Materials with low thermal conductivity (and a high melting point) make good heat insulators, and such materials are used for refractory brick, space shuttle tiles, etc. In these cases, only one side of the material faces the heat source. You therefore end up with a sharp temperature gradient from the hot side to the cool side.

OK, thanks. Now, then, what is the OP asking for? The best insulator? Or the highest melting point?

I was quite interested by this post so i decided to do a little research, as of 2010, since the discovery of “the 2d crystal”, it has come to my attention that the strongest crystaline substance known is a variation of carbon, known as graphene. This is currently the strongest material known, with a hardness rating of 10 (same as diamond) so, i thought to myself, why cant it be the most heat resistant?, as it turns out, and as far as i know at the moment, it is, with a melting point at a staggering 4900K or approximately 4,610 Celcius. das hawt.

Getting my BS in Ceramic Engineering we would have an annual open house in the department. We had a small cube of the “Space Shuttle Tile” silica you are talking about. The stuff is indeed amazing. We would demo it for people by putting it in a small furnace, heating it to glowing (~700 C), take it out with tongs, place it on the work table and then pick it up with bare fingers (by the corners).
The material was still glowing, but it transferred heat so slowly it wouldn’t’ burn your fingers. Very impressive demo.

Also worth noting that while carbon has a very high melting point, it will burn at a lower temperature (~1000°C) with enough supplied oxygen. Lavoisier demonstrated this in the late 1700s and there are YouTube videos of diamonds burning in liquid Oxygen.

I would assume that what the OP wants to know is what stuff will best protect whatever is on the other side of it from intense heat on one side. As such, being a good thermal insulator is going to be as important or more important than having a high melting point. Tungsten and carbon may have very high melting points, but they conduct heat rather well, so even if they don’t melt, whatever is on the other side is still going to get hot quite quickly. This why ceramics are frequently used for heat protection, such as the space shuttle tiles and the zirconium oxide mentioned in post 2. Their melting points may not be teh highest possible, but they protect from hat a darn site better than some things that are more resistant to melting. (They generally are also fairly resistant to chemical decomposition or other reactions caused by heat, unlike carbon, even in the form of diamond, which burns in air quite easily.)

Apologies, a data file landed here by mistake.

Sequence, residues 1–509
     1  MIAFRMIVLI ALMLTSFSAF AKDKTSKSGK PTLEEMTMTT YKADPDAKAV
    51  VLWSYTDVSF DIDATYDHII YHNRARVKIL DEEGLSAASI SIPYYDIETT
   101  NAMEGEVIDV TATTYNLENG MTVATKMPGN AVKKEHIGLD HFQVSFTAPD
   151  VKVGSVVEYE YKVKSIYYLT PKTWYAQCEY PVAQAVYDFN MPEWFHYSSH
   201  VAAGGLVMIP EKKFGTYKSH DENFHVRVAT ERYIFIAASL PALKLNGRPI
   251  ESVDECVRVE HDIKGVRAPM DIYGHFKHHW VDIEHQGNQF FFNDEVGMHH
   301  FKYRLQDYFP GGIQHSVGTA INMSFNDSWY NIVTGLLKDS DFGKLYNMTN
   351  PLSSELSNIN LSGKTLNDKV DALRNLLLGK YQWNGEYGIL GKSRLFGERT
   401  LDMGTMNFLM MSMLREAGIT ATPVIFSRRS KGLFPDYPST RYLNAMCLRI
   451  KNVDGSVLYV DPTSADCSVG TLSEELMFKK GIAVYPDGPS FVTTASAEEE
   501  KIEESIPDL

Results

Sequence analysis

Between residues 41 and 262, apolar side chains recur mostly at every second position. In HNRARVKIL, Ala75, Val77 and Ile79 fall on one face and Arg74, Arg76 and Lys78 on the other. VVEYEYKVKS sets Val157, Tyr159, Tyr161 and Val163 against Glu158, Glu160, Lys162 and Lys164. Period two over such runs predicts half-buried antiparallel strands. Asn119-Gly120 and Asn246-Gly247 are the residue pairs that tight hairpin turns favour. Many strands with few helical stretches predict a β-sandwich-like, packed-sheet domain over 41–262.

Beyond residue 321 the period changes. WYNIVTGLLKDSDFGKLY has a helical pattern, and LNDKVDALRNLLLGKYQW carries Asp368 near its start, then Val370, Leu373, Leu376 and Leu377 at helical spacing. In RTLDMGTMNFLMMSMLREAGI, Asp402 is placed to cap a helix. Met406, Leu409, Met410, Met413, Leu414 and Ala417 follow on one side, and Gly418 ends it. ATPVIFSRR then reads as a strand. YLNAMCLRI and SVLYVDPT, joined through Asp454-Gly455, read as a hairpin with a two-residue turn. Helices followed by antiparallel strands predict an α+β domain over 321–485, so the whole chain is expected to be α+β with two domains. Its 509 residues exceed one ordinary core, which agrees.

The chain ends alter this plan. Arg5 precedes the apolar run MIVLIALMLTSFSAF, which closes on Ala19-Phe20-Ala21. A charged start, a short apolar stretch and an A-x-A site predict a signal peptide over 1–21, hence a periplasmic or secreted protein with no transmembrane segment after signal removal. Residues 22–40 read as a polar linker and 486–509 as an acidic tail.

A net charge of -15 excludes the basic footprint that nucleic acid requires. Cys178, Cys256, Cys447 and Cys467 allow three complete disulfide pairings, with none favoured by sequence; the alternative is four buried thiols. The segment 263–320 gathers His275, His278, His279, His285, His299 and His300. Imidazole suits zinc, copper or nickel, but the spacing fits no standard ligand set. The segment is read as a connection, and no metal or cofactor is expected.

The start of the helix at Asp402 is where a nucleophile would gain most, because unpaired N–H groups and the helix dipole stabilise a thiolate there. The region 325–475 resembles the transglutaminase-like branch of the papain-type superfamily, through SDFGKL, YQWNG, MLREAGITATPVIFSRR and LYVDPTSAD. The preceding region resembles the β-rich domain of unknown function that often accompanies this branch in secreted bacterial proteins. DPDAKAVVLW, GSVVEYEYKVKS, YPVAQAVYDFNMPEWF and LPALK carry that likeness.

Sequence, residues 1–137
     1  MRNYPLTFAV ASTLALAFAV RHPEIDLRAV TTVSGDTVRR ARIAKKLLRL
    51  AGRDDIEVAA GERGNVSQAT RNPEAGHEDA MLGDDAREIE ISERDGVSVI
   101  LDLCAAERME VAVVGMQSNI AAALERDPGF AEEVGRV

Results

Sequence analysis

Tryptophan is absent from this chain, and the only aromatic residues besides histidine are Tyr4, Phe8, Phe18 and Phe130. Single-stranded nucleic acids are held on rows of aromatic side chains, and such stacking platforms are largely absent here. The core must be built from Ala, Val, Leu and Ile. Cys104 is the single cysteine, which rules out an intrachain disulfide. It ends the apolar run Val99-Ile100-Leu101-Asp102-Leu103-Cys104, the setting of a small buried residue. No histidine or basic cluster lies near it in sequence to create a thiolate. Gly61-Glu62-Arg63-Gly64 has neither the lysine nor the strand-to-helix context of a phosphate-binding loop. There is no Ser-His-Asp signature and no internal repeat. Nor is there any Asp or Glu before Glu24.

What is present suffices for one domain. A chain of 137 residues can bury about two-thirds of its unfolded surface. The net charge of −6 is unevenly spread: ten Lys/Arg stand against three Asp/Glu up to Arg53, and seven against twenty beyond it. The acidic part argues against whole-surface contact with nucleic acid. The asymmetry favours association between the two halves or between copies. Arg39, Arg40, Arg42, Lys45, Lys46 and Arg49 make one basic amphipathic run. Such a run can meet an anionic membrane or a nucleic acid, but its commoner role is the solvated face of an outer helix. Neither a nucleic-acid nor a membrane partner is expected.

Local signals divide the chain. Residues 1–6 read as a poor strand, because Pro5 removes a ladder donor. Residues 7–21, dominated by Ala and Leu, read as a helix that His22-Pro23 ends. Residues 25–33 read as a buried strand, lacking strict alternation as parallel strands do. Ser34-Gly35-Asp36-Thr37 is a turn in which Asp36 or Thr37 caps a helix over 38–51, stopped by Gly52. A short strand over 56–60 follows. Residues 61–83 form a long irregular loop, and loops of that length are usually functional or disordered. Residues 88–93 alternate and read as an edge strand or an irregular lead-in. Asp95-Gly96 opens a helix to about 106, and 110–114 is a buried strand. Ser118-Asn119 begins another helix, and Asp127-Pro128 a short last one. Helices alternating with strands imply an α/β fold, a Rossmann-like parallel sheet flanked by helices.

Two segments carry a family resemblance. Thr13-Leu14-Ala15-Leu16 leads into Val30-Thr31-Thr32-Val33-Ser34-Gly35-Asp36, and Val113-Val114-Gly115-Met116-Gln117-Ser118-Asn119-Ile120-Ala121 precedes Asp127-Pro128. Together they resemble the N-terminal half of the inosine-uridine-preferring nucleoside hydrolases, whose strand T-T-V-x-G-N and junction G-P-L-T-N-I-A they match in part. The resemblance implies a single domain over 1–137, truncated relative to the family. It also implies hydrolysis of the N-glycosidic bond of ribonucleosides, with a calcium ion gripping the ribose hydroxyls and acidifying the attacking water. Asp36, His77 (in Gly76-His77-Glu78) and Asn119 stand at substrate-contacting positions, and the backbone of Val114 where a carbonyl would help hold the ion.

Supposedly, there is this stuff, some form of plastic, called Starlite, which has incredibly heat resistant properties, being both an amazingly good thermal insulator and very resistant to melting and chemical breakdown. Unfortunately, however, it has all the hallmarks of being a hoax. Supposedly it was invented by an amateur chemist, who (probably) took the secret formula for making it to his grave. :rolleyes:

Hafnium carbide and tantalum hafnium carbide, since both diamond and graphite are not practical for lining furnaces.

Since we live in an atmosphere full of oxygen, what’s the most heat-resistant substance that won’t burn (or show accelerated corrosion) at high temperatures?

Platinum might be a good bet for that. It doesn’t melt until 1768 C, it’s a “noble metal”, and it also has the advantage of being very lustrous, which will mean that it reflects a lot of radiant energy, and so will heat up slower.

^
A rare earth metal. It wasn’t around when the term “noble metal” was ‘coined.’

Rare earth refers to the Lanthanide elements. I believe “noble” has by extension been granted to more recently discovered metals that have the property of being non-reactive under normal conditions.